Canada's competition bureau cracks down on false advertising, price fixing amid pandemic
TORONTO -- The commissioner of Canada’s Competition Bureau says the agency will be cracking down on anyone who tries to take advantage of consumers and businesses during the COVID-19 pandemic.
On Friday, Commissioner of Competition Matthew Boswell announced the bureau will scrutinize any evidence that individuals or companies have violated Canada’s competition laws by deceptive marketing practices or colluding with competing businesses.
“As Canada responds to the COVID-19 coronavirus situation, I would like to assure Canadians that the Competition Bureau remains vigilant against potentially harmful anti-competitive conduct by those who may seek to take advantage of consumers and businesses during these extraordinary circumstances,” Boswell said in a press release.
According to the bureau, an example of deceptive marketing practices could be an individual or company making false or misleading claims about a product’s ability to prevent, treat, or cure the virus.
The government agency’s website states that under the criminal regime, these types of offences can result in fines of up to $200,000 and/or imprisonment for up to 14 years.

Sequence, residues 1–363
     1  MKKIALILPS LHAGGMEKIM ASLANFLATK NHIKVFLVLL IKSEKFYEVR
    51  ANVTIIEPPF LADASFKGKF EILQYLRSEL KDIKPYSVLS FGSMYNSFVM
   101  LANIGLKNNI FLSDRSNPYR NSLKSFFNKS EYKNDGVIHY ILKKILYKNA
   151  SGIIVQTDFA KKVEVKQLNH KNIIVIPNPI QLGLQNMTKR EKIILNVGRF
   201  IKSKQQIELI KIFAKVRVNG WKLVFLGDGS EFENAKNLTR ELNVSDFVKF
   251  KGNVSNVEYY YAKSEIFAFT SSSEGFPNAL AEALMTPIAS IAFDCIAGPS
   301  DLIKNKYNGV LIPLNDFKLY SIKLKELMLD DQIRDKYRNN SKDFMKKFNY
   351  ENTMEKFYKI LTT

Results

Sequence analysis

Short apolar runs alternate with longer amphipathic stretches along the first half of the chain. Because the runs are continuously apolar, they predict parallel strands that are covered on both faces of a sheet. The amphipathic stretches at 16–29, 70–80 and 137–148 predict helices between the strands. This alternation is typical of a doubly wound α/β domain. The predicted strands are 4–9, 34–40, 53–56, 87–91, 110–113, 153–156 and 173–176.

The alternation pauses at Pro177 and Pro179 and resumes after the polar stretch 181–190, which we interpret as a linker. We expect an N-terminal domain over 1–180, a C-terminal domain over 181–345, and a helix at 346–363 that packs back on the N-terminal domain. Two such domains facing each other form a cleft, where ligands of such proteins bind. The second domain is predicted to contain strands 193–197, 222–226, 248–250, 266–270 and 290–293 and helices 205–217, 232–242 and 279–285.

Under the civil regime, the bureau said these offences could lead to a court order for a person to cease the activity, publish a notice and/or pay an administrative monetary penalty.
For individuals, the monetary penalty may be up to $750,000 for a first occurrence. For a corporation, that penalty can be up to $10,000,000.
As for collusion by competing businesses, the law enforcement agency said this could include illegal agreements about what price to charge for products or services.
The penalties for collusion with competing businesses can include fines of up to $25 million and/or up to 14 years of imprisonment.
“We encourage anyone with information about potential collusion, false or misleading advertising or other forms of deceptive marketing to contact the Bureau,” Boswell said. “We will do everything in our power to crack down on these and any other anti-competitive activities in order to protect Canadians.
Last week, an Ontario-based holistic clinic was among seven North American companies warned by the U.S. Food and Drug Administration and U.S. Federal Trade Commission about false claims they can treat COVID-19.
The FDA accused Vivify Holistic Clinic, which is based in Sarnia, Ont., of offering products on its website “intended to mitigate, prevent, treat, cure or diagnose COVID-19 in people.”
David Raes, the owner of Vivify, told The Canadian Press that his company “simply sells herbs with no claims on them.”
Globally, Interpol recently announced there have been 121 arrests related to seizures of counterfeit medical supplies and medication during the pandemic.
The international police organization said they discovered 2,000 online advertisements selling illicit medical devices, substandard hand sanitizers, unauthorized antiviral medication, and counterfeit face masks. The organization’s officers also seized 34,000 unlicensed and fake products worth an estimated total of US$14 million.
With files from The Canadian Press